The Backland Carbon doesn’t skimp on downhill performance like so many others in the superlight category. Featuring a Boa Fit System on the lower shell and a single metal buckle on the upper with a modified power strap, this boot has a true 110 flex and was able to handle skis over 100mm underfoot with ease. Thanks to a fully heat-customizable liner and shell and a whopping 74 degrees of movement in walk mode, the Backland Carbon feels more like a hiking shoe than a ski boot going uphill. Add in crampon-friendly front toe bights and machine-washable liners to fight funky smells, and this boot is the new standard for superlight ski touring and ski mountaineering.

  • Last Width (in millimeters): 98
  • Flex: 110
  • Weight: 1,094g
  • MSRP: $950

Dalbello Lupo Air

Dalbello Lupo Air 130
The Dalbello Lupo Air is a big step forward for the Italian company.Photo courtesy of Dalbello

Using a unique mix of grilamid “air” material and polyamide composite carbon, the Italian brand was able to trim weight without sacrificing the performance. To make it even better, there is no need to remove the tongue when transitioning to ski tour mode. A terrific option for fans of cabrio-style boots who need a lightweight, high-performance touring option.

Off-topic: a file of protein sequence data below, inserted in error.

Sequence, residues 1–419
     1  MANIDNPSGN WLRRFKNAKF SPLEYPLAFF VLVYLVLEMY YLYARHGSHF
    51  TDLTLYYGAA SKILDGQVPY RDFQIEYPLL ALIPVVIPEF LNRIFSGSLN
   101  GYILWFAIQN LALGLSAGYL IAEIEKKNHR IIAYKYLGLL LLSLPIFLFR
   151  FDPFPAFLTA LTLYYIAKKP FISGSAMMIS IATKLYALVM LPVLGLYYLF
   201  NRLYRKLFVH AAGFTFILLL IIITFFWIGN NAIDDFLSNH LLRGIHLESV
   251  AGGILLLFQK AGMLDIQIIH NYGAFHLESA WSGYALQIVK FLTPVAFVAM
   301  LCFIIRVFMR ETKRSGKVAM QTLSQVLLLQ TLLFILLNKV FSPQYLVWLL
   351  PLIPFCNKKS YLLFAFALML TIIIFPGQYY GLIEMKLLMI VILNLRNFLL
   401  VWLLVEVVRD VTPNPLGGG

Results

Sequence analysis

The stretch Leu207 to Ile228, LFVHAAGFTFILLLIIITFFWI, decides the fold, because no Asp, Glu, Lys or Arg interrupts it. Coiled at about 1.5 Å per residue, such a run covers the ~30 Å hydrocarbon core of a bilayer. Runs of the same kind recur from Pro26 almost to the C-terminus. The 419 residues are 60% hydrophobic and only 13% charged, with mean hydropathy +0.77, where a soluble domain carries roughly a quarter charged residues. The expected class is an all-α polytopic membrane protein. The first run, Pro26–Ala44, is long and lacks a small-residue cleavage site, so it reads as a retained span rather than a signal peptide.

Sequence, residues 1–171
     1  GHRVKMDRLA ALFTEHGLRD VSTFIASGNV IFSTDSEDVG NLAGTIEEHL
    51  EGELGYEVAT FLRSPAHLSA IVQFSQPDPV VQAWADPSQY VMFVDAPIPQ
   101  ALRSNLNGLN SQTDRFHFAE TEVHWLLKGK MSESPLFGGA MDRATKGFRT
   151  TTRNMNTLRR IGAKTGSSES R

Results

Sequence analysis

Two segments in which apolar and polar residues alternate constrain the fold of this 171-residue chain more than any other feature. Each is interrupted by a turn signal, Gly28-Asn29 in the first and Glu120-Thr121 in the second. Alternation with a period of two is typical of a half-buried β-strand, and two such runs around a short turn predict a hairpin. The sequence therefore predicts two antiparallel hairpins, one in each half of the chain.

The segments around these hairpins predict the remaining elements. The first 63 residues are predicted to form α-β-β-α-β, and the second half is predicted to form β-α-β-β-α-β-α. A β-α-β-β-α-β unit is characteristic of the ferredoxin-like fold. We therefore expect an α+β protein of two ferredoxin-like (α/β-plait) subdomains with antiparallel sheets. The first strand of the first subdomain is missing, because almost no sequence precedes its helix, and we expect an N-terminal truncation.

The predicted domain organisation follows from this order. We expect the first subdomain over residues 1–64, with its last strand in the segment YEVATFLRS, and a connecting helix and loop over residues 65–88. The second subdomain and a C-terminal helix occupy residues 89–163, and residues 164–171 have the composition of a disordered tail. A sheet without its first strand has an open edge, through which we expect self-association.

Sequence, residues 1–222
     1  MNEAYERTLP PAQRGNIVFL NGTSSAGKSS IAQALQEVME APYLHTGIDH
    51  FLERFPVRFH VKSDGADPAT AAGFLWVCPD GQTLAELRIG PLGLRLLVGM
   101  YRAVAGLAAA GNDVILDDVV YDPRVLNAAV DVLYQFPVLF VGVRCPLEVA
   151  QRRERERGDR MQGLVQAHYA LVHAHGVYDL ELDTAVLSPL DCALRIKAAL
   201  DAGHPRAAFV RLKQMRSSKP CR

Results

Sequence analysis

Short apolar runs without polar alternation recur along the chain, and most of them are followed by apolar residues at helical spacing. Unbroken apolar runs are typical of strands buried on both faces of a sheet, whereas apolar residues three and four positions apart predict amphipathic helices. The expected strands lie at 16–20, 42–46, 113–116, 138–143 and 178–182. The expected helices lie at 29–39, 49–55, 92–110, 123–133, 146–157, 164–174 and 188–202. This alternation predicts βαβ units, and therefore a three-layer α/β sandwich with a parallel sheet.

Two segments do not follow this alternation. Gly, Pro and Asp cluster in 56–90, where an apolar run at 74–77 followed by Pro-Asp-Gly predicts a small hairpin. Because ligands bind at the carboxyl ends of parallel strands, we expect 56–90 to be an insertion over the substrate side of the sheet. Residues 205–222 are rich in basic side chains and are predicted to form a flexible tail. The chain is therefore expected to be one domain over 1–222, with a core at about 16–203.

• Last Width (in millimeters): 100
  • Flex: 130
  • Weight: 1,299g
  • MSRP: $950

SCARPA Maestrale XT

SCARPA Maestrale XT
The all-new SCARPA Maestrale XT.Photo courtesy of SCARPA

The XT is designed to be one step burlier than the Maestrale RS thanks to a stiff, carbon-infused web-frame grilamid shell and a Pebax tongue. SCARPA has mastered the ski/walk mode interface with 56 degrees of frictionless movement, and testers appreciated the adjustable forward lean in ski mode. The heat-moldable Intuition liner is top-notch as well.

  • Last Width (in millimeters): 101
  • Flex: 130+
  • Weight: 1,490g
  • MSRP: $899

Tecnica Zero G Tour Scout W

Tecnica Zero G Tour Scout W
The Tecnica Zero G Tour Scout W is our top women’s backcountry-specific ski boot of 2020.Photo courtesy of Tecnica

Tecnica’s four-buckle Zero G boots make ascents easy but also maximize pleasure during descents. The grilamid shell is notably low-volume compared to most backcountry boots, but still features Tecnica’s C.A.S. adjustability for hard-to-fit feet. The women’s specific model stands out thanks to its ability to drive any ski and its perfectly snug-yet-comfy fit.

  • Last Width (in millimeters): 99
  • Flex: 125
  • Weight: 1,360g
  • MSRP: $960

Dynafit Hoji Pro Tour

Dynafit Hoji Pro Tour Alpine Touring Ski Boot square crop